Bank runs can occur even in healthy banks because depositors observing others withdrawing their money do the same, according to new research published in the journal Economic Letters and led by Dr Ismael Rodriguez-Lara based at Middlesex University London.
The paper, Panic bank runs, investigates the actions of depositors when they observe the decision of others to withdraw or keep their funds deposited. Theoretically, individuals who do not have immediate financial worries should not withdraw their funds because there’s no evidence to suggest the bank is unhealthy.
However, the authors found that depositors withdraw when they observe others doing so, even though this behaviour is irrational.
The results reveal that depositors underestimate the possibility others are withdrawing money for personal financial reasons, rather than instability of the bank.
Dr Rodriguez-Lara says the research highlights panic behaviour as a new source of bank runs.
“We show that observing withdrawals distorts depositors’ beliefs,” he says.
“Policies devised to avoid bank runs, such as the deposit insurance or suspension of convertibility must take into account this possibility.”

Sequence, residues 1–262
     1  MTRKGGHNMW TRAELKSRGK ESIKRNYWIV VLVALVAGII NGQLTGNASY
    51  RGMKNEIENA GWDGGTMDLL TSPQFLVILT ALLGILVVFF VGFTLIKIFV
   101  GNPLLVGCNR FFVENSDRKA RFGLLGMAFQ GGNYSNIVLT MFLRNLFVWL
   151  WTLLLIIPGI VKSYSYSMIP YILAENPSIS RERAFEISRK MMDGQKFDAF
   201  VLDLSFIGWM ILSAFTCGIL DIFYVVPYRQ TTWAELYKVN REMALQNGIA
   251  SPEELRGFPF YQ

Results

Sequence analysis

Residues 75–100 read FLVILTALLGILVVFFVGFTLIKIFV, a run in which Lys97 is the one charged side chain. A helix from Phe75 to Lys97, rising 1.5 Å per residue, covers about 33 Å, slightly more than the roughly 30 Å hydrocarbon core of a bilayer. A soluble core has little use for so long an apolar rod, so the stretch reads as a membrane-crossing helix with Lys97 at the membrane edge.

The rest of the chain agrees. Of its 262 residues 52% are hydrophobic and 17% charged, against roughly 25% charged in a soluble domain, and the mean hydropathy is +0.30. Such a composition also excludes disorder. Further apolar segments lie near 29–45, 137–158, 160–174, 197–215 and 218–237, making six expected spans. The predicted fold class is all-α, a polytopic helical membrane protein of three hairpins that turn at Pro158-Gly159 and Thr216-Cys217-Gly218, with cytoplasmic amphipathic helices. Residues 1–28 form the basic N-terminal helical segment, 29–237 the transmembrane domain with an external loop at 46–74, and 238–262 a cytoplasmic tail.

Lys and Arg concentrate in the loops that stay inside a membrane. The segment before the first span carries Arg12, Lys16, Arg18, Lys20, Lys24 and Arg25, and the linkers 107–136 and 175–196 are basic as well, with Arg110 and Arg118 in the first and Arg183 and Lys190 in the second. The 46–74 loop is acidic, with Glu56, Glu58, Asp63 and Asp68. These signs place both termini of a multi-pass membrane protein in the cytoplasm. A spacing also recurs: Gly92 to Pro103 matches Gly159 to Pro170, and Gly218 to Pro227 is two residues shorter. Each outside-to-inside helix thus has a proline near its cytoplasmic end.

How the study was conducted
The study involved 156 participants in computerised sessions in Spain. The subjects received an introduction about banking procedures and payoffs and understood that the ‘bank’ they were involved with as part of the study had no fundamental problems.
The participants were randomly assigned to a group of three and in each group one of the subjects was randomly assigned to the role of a depositor who urgently needs money and therefore withdraws funds from the bank.
The results demonstrate that almost six out of ten participants (57.7%) withdrew funds based on observing the actions of others.
The results also reveal that depositors underestimate the possibility others are withdrawing money for personal financial reasons, rather than instability of the bank. The authors interpret this as panic behaviour.
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